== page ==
By Stephen Tuttle | Sept. 2, 2017
Alexander the Great was the first, or at least the first for which there are good records.
He and his gang breezed into what is now Afghanistan back in 330 B.C. a scant 2,347 years ago. After two years of being constantly attacked by local tribes, Alexander was no longer that great and he and his army moved on. The pattern had begun.
Arab armies flowed in multiple times, starting in A.D. 667 and actually had some success before they were finally run out by angry locals. Genghis Khan showed up in 1219 and was gone before the end of 1221, unappreciative of the lack of hospitality.
The British, with empire-building on their minds and a steep learning curve, came and got beat up in 1839, again in 1878, and finally left for good in 1919. A young Winston Churchill famously said of their efforts in Afghanistan, “Financially it is ruinous. Morally it is wicked. Militarily it is an open question, and politically it is a blunder.”
Nobody listened to him. The Soviet Union came calling in 1979, ostensibly to put down a rebellion threatening to upend their puppet government. After a decade and more than 13,000 Soviet troops killed, another 35,000 wounded, and as many as 2,000,000 civilian casualties, they skulked away. It was a precipitating event in the collapse of the Soviet Union.
Surely we must have learned something from a 2,300-year history of failed invasions.
We did not.
We started well in 2001. Determined to flush out Osama bin Laden from wherever the Taliban were hiding him, we sent in a few dozen special operations personnel, created a partnership with tribal leaders we called the Northern Alliance, and sent the Taliban scurrying off into the hills.
(If you'd like a full account, read “The Horse Soldiers,” Traverse City author Doug Stanton's best-selling and exquisitely researched and written book on our early intervention there.)
Then we got stupid and sent in more and more troops. Now, 16 years later, it's the longest war in our history, with no end in sight. Our objectives are unclear — killing terrorists is a bit vague for a strategic goal — and no one seems to know what winning this war would look like.
We've already lost 2,300 men and women in uniform. According to Amnesty International, some 250,000 civilians have died. Depending on whose numbers you choose to believe, we've spent at least $800 billion and perhaps as much as $2 trillion. That doesn't even include the aftercare required for our 20,000 vets wounded there. Nor does it include the debt service; unlike other wars we raised taxes to finance, this one is being fought with borrowed money.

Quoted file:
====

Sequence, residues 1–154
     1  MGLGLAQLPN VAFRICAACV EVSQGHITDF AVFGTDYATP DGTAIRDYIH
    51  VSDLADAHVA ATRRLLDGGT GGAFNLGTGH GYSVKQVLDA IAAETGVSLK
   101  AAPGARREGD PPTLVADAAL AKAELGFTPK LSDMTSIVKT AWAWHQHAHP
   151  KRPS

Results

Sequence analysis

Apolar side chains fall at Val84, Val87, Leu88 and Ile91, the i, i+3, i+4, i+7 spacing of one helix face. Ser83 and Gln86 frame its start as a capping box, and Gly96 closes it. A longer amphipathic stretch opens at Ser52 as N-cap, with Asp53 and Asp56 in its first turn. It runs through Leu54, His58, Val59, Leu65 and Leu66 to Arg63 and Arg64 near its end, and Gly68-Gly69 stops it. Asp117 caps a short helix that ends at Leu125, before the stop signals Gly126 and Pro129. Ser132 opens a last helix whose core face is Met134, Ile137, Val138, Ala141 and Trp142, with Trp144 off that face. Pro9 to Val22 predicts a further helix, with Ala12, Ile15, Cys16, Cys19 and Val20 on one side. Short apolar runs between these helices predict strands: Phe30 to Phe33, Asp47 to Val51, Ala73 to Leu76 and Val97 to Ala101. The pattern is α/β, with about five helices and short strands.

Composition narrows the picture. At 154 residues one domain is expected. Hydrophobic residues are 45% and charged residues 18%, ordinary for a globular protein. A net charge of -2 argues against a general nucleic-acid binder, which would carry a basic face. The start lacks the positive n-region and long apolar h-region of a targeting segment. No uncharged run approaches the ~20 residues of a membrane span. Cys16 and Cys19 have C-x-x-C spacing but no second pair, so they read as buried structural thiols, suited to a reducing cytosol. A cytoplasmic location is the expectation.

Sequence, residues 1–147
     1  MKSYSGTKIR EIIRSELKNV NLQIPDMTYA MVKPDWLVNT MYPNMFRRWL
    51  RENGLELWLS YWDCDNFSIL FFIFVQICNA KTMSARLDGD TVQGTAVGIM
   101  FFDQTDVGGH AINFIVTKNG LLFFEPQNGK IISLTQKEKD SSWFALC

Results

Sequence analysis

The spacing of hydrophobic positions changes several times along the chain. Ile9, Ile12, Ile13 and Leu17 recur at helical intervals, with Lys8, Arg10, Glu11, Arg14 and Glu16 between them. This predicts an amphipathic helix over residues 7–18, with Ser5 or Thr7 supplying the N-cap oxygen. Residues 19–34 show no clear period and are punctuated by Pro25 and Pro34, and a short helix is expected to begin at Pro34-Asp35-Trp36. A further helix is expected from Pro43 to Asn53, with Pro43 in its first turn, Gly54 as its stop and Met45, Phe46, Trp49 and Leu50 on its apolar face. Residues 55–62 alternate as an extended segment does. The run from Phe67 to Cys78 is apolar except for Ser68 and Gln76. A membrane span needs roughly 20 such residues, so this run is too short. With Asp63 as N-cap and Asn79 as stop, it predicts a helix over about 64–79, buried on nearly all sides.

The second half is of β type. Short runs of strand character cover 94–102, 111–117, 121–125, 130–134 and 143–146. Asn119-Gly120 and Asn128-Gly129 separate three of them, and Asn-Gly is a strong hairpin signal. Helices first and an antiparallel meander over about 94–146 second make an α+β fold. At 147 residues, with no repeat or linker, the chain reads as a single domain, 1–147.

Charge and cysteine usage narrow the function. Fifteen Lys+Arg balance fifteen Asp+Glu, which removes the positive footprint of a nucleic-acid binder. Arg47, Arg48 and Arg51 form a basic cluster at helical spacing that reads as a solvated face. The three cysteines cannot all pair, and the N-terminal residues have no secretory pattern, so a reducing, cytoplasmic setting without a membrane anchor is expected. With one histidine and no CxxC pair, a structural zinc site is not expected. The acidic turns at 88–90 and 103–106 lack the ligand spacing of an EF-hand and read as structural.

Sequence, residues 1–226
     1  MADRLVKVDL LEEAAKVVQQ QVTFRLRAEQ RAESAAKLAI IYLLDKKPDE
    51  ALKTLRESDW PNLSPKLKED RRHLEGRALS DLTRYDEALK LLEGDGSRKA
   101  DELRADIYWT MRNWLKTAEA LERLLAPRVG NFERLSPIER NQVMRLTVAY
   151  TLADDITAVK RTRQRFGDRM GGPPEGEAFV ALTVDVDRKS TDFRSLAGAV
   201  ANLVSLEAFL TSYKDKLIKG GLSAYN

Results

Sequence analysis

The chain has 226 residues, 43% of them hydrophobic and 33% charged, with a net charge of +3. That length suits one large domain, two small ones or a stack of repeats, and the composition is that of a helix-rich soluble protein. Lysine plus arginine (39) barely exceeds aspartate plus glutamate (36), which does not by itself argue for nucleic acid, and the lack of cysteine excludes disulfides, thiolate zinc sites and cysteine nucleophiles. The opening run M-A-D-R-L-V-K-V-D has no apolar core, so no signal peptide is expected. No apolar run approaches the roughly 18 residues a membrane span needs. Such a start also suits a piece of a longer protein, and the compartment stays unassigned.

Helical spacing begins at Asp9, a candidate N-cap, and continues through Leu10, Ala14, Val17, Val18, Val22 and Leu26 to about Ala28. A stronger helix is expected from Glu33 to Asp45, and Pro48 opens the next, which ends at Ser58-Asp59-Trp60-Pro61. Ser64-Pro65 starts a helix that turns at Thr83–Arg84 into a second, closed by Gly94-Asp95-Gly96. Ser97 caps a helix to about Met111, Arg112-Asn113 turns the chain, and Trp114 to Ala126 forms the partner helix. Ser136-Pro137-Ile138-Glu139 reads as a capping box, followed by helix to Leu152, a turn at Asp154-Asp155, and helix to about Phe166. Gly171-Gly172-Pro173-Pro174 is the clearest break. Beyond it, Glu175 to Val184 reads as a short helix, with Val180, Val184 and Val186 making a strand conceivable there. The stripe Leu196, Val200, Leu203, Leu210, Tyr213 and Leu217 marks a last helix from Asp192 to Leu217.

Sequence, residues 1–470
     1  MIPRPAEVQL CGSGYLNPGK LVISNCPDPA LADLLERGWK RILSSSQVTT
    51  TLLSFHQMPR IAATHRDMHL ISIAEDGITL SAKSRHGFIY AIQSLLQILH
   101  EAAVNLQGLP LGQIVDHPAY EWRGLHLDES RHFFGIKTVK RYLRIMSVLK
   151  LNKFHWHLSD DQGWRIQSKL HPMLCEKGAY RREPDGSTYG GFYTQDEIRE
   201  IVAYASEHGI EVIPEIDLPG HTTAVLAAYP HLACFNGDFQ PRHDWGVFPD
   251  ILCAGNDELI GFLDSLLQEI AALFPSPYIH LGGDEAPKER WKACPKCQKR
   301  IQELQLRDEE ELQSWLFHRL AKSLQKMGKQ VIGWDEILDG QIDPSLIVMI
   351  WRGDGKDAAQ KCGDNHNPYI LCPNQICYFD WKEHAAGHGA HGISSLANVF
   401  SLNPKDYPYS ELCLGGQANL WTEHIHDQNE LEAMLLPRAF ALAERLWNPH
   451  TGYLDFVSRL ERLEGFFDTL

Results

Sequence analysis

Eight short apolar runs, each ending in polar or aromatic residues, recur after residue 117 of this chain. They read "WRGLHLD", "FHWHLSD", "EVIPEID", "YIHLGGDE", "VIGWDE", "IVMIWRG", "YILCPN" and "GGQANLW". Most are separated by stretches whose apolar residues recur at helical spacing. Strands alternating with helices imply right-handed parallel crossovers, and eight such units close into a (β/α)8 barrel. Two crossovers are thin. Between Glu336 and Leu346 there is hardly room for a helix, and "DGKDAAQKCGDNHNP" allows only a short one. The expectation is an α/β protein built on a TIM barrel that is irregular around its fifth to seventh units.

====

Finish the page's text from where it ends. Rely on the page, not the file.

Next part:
President Donald Trump advocated pulling out of Afghanistan during his campaign, and his reasoning was sound: Our national interest does not include being the Afghan defense force forever.
Unfortunately, he's now fallen into the same pit as Presidents George W. Bush and Barack Obama did before him. The military brass has convinced Trump that another surge, this time an additional 12,000 troops, will somehow turn the tide. We did not accomplish that when we had 100,000 troops there under Bush, nor when Obama sent in 30,000, but somehow, we now believe 12,000 is the magic number.
Oh, we'll temporarily chase off the Taliban and declare the surge a great success, as we have in the past. But there is an old adage in that part of the world, something along the lines of “sacrifice space for time.” The bad guys will return, and it should be the Afghans fighting them.
We've spent nearly $80 billion just training and equipping the Afghan army. Why, after 16 years, are they still not capable of fighting their own battles? Maybe because we'll do it for them and stoke their weak economy with American dollars at the same time. Their government is awash in corruption and malfeasance and, apparently, their military cannot be trained to defend its own country in 16 years of trying.
Our role, if any, should be to isolate the major terrorist groups in the borderland between Afghanistan and Pakistan with our absolute air superiority including drones and missile strikes. The boots on the ground should be the Afghan military.
The war in Afghanistan is draining our treasury, forcing multiple deployments of our troops, impairing our training, and putting enormous stress on a military still active in Iraq, Libya, and Syria, and prepping for North Korea.
We simply cannot be the peacekeepers-in-perpetuity in Afghanistan. Our very presence there is the greatest recruiting tool for the Taliban, al-Qaida, ISIS, and all their mutant offshoots. It is a regional problem, and the people of that region need to be the solution.
More of our blood and treasure isn't likely change much. It's time for us to come home.